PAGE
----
Ad description

A radio ad for James Murray Solicitors, heard on 3 November 2020, stated “I’m James Murray. And what’s more frightening than a social worker at your door to take your child. The kids are screaming, your head’s banging. Ring James Murray Solicitors, you need a friend, someone to speak up for you, a tough lawyer. A James Murray, legal fighter in court, championing your case. And don’t worry, legal aid is always available.” A phone number was also provided.


The complainant, who worked in children’s safeguarding and believed that the ad portrayed social workers being intent on taking children away from their families, challenged whether it distressed the audience without justifiable reason and was irresponsible.


James Murray Solicitors said that the intention of the ad was to make parents aware that they could seek legal help and obtain financial assistance through legal aid if their children were removed from their care. The ad illustrated how parents might face a difficult situation when child protection services were about to take their children and focused on encouraging them to seek immediate legal advice which James Murray Solicitors could provide. They said data published by the charity Family Rights Group showed that 32,000 children were taken away by social workers in 2019.

James Murray Solicitors said their senior partner had significant past experience as a social worker in a deprived area of Merseyside having to make “place of safety” decisions about children. They said parents in such situations were invariably frightened and not always aware of the legal help and legal aid available to them. They said the police and social workers present in such situations did not always tell them about seeking legal advice, despite having a legal obligation to do so. They recognised the valuable work of social workers, but said that there were occasions where their decisions were overturned by the courts.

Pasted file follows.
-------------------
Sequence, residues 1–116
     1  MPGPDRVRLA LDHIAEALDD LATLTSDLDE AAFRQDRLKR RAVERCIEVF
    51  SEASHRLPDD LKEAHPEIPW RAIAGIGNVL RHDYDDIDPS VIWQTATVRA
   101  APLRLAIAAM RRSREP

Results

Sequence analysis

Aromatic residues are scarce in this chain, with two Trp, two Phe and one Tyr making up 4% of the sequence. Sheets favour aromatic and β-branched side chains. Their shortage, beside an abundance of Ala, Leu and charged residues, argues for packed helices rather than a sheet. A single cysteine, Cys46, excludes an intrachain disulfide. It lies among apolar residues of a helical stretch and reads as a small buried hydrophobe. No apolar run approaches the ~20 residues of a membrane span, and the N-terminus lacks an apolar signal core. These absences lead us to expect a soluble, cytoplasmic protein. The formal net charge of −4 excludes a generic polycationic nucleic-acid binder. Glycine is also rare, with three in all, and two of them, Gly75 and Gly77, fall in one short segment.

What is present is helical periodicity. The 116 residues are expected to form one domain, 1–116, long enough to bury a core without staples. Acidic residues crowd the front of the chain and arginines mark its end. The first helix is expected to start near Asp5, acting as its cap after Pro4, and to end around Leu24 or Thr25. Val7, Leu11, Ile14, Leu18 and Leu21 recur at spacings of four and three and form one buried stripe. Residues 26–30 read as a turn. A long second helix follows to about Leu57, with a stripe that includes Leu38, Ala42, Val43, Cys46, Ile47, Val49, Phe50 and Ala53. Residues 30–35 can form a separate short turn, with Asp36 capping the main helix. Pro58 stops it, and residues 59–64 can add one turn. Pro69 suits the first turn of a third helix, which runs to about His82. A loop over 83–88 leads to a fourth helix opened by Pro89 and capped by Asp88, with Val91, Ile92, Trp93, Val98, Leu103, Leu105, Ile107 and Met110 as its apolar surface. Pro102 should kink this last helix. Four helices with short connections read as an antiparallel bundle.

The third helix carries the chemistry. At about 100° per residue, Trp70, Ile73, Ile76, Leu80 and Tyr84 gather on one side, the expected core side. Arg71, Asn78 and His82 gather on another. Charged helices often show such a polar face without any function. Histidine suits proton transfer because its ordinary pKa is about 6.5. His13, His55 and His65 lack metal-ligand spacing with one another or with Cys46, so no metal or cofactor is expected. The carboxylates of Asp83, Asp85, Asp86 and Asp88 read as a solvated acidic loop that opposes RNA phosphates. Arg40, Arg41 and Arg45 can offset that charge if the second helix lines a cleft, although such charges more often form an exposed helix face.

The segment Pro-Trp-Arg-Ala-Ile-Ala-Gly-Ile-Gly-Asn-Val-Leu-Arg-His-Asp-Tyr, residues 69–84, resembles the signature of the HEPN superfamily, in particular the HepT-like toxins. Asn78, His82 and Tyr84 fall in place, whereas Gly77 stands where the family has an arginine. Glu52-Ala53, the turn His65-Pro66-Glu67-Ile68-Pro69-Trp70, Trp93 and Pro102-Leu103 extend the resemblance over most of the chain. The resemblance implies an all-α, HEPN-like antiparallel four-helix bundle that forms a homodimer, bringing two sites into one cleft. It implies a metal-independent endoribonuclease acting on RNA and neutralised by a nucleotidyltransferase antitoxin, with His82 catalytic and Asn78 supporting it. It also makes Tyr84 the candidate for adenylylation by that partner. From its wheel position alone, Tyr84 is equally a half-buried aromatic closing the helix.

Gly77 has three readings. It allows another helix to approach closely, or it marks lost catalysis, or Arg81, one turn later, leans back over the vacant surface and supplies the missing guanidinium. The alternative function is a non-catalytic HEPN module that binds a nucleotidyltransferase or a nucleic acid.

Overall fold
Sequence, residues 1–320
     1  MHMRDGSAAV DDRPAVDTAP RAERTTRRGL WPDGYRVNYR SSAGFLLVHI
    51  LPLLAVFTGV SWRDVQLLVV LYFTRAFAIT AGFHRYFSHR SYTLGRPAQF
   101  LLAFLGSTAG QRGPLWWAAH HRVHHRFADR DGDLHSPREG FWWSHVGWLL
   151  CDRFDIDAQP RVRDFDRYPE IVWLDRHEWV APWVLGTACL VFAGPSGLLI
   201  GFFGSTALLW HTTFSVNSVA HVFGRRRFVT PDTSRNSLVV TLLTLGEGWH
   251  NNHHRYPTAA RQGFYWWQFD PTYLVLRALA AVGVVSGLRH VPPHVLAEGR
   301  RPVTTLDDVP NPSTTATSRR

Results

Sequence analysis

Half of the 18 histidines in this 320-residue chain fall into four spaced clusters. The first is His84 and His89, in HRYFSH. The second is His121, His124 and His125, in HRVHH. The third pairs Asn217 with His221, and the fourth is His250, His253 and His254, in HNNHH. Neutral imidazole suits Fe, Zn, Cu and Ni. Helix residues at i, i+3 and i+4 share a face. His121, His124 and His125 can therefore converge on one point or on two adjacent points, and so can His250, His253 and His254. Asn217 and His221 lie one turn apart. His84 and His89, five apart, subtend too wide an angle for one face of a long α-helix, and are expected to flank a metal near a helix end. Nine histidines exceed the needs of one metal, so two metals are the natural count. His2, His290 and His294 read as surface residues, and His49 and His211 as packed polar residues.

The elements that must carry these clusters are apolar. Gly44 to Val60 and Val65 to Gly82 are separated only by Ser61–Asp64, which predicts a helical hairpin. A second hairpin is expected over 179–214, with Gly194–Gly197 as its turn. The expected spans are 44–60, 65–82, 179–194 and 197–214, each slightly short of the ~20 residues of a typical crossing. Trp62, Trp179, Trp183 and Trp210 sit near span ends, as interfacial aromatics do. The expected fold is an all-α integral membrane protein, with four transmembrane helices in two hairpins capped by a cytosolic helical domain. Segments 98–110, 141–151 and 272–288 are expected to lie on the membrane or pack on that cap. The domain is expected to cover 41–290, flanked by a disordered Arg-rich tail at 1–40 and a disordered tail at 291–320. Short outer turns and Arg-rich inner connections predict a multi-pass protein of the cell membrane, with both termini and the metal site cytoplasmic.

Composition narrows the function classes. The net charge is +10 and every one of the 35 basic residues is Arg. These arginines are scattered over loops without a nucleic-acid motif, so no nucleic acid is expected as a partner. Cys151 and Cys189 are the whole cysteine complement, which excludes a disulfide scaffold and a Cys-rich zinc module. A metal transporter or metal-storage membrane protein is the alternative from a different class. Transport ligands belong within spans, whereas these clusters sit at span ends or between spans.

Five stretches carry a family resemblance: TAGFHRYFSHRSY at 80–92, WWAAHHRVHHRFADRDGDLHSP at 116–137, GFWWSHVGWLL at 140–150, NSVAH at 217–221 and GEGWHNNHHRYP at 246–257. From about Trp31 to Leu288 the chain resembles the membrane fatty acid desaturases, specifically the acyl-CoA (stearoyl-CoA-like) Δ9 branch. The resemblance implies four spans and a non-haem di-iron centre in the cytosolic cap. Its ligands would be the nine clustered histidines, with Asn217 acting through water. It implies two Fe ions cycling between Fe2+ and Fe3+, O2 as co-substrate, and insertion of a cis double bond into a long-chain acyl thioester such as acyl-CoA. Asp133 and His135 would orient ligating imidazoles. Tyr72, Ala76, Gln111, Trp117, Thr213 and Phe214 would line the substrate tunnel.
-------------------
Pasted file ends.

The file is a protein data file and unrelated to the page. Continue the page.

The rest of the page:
The radio ad had been broadcast for several years and this was the first complaint that they had received about its portrayal of social workers. They said that the term “frightening” had been used to illustrate the prospect of parents being separated from their children based on a remote judge’s decision of a case submitted by a social worker and was not describing the behaviour or attitude of social workers. They felt that the ad was carefully balanced to reassure parents in a time of difficulty while also deploying a creative approach which would be recalled by people who found themselves in this position.

Radiocentre agreed with the advertiser’s response and added that they did not consider that the words “legal fighter”, “your head’s banging” and “what’s more frightening than a social worker at your door to take your child” were likely to undermine public trust in social workers. They also did not feel that the ad, when taken as a whole, was irresponsible.


Not upheld

The BCAP Code required ads not to cause distress without justifiable reason. The ASA understood that the complainant was concerned that the ad gave the impression that social workers sought to take away people’s children without adequate care or forethought.

We noted that the ad took a strong creative approach, describing the “frightening” sudden arrival of a social worker and that the voiceover placed a strong emphasis on them being at “your door” to take “your child”. However, we considered that description was likely to be interpreted as a realistic portrayal of how someone might feel in the circumstances of having their child removed from their care and was therefore proportionate to the seriousness of the scenario.

We also noted that the ad used voiceover to focus only on how the adult might feel and did not, for example, go so far as to feature children’s voices. While we acknowledged that the way the scenario was presented might make some people feel uncomfortable we did not consider that it was likely to cause unjustifiable distress.

We investigated the ad under BCAP Code rules  1.2 1.2 Advertisements must be prepared with a sense of responsibility to the audience and to society.  (Social Responsibility) and  4.10 4.10 Advertisements must not distress the audience without justifiable reason. Advertisements must not exploit the audience's fears or superstitions  (Harm and offence), but did not find it in breach.


No further action required.


4.10     1.2    

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